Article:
Keywords

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Article
Publication date: 24 August 2018

Shijiu Yin, Ying Li, Yusheng Chen, Linhai Wu and Jiang Yan

The purpose of this paper is to analyse the factors that influence food safety reporting intention and behaviour of the public.

Abstract

Purpose

The purpose of this paper is to analyse the factors that influence food safety reporting intention and behaviour of the public.

Design/methodology/approach

Data used in this study came from a questionnaire survey conducted in Shandong Province, China. The 642 qualified samples were analysed through structural equation model based on the expanded theory of planned behaviour to study public food safety reporting behaviour and its influencing factors.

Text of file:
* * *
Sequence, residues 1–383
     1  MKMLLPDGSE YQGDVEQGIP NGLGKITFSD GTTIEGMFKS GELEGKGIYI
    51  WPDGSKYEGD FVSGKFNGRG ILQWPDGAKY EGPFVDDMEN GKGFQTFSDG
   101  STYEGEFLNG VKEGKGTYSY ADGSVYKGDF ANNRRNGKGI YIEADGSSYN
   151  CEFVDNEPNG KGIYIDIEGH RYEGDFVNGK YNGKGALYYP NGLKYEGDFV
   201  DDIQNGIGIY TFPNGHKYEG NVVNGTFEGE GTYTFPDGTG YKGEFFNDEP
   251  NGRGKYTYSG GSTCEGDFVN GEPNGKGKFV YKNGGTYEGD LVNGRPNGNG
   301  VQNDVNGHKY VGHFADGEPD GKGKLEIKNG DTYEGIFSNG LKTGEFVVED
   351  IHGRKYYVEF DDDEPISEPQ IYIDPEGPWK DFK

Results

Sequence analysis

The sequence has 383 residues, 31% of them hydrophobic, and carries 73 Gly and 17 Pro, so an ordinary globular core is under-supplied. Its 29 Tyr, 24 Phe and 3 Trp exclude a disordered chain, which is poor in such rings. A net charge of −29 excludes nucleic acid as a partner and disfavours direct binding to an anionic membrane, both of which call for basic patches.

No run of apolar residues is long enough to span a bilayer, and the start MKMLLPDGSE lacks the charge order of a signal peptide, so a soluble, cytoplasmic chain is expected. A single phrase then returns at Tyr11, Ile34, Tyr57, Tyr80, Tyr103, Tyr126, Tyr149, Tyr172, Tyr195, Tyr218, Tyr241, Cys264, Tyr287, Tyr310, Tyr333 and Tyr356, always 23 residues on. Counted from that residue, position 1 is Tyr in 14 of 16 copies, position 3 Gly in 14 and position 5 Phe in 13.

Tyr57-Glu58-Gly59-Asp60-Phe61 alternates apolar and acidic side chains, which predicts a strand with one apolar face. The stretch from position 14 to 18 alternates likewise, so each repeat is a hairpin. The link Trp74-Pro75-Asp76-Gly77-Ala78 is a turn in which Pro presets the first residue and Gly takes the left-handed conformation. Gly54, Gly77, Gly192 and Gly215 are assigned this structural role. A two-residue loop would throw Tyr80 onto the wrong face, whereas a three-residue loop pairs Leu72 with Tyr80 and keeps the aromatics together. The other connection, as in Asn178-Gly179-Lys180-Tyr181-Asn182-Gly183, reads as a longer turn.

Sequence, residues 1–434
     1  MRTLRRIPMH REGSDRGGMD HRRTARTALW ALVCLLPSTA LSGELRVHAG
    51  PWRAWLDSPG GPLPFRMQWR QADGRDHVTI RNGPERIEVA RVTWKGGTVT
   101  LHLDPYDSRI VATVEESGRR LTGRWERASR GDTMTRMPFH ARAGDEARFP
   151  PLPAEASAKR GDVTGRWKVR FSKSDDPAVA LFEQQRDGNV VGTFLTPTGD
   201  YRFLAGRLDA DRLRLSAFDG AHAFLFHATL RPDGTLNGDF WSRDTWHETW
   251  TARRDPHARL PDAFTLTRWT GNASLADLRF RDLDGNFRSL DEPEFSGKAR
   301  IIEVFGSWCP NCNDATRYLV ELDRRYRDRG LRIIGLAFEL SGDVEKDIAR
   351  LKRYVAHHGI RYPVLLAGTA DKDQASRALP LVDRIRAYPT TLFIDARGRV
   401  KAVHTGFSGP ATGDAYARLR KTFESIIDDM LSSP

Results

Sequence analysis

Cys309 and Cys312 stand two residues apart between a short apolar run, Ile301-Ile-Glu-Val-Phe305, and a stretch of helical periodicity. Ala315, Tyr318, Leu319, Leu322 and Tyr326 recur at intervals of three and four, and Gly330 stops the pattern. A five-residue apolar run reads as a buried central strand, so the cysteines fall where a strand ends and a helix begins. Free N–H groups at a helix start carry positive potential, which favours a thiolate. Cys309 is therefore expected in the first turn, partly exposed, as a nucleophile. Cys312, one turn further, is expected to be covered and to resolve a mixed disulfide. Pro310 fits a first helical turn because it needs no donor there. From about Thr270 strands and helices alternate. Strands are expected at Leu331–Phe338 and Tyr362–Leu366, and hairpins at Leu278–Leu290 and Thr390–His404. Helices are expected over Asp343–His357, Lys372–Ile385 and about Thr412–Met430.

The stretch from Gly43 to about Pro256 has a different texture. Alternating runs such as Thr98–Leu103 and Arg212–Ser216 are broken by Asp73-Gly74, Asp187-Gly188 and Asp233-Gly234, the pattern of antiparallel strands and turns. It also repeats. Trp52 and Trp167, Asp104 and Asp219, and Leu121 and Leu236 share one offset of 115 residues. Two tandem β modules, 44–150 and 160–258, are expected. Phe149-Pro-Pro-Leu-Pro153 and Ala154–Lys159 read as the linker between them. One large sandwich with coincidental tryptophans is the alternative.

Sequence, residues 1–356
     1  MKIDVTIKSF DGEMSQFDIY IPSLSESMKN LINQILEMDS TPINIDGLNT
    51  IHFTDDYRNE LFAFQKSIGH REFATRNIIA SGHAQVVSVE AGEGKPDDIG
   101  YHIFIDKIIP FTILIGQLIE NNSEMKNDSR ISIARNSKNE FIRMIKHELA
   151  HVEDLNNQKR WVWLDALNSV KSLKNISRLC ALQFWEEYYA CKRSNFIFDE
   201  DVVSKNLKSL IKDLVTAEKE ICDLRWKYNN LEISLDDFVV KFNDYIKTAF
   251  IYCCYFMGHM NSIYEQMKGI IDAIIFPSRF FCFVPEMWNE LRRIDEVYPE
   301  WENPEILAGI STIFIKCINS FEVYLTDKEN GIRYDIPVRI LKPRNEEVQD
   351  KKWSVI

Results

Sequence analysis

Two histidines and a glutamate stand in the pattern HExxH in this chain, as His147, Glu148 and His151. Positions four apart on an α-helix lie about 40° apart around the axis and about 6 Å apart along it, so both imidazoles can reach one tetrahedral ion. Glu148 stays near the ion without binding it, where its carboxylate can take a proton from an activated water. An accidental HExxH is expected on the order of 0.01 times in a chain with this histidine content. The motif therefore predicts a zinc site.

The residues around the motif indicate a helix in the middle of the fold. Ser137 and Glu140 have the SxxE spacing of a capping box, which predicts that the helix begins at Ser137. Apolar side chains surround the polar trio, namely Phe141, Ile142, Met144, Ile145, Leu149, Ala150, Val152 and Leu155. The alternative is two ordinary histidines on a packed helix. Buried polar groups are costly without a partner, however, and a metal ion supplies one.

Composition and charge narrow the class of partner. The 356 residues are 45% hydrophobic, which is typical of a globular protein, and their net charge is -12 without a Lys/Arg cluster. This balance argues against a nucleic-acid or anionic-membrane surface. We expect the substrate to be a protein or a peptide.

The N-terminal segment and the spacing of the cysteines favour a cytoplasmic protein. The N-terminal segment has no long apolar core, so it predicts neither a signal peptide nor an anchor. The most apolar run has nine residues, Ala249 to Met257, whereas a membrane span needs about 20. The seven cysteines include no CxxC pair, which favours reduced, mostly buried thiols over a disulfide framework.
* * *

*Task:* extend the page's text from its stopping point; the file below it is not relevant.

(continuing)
Findings

Results indicated that participation attitude, subjective norm, perceived behavioural control (PBC) and moral norm had significantly positive effects on public reporting intention, which had a direct effect on behaviour. Among subjective norm, descriptive norm had a more significant influence on the intention to report than injunctive norm. PBC indirectly affected reporting behaviour through participation intention, and directly affected participation behaviour. Socio-demographic variables had significant influence on participation attitude, injunctive norm and PBC, whereas these variables had no influence on descriptive norm and moral norm.

Originality/value

This research is of academic value and of value to policy makers. To promote public participation in food safety reporting, the government should consider influencing factors of food safety reporting.

Details

British Food Journal, vol. 120 no. 11
Type: Research Article
ISSN: 0007-070X

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Article
Publication date: 8 August 2018

Ran Zhou, Kyriaki Kaplanidou, Dimitra Papadimitriou, Nicholas D. Theodorakis and Kostantinos Alexandris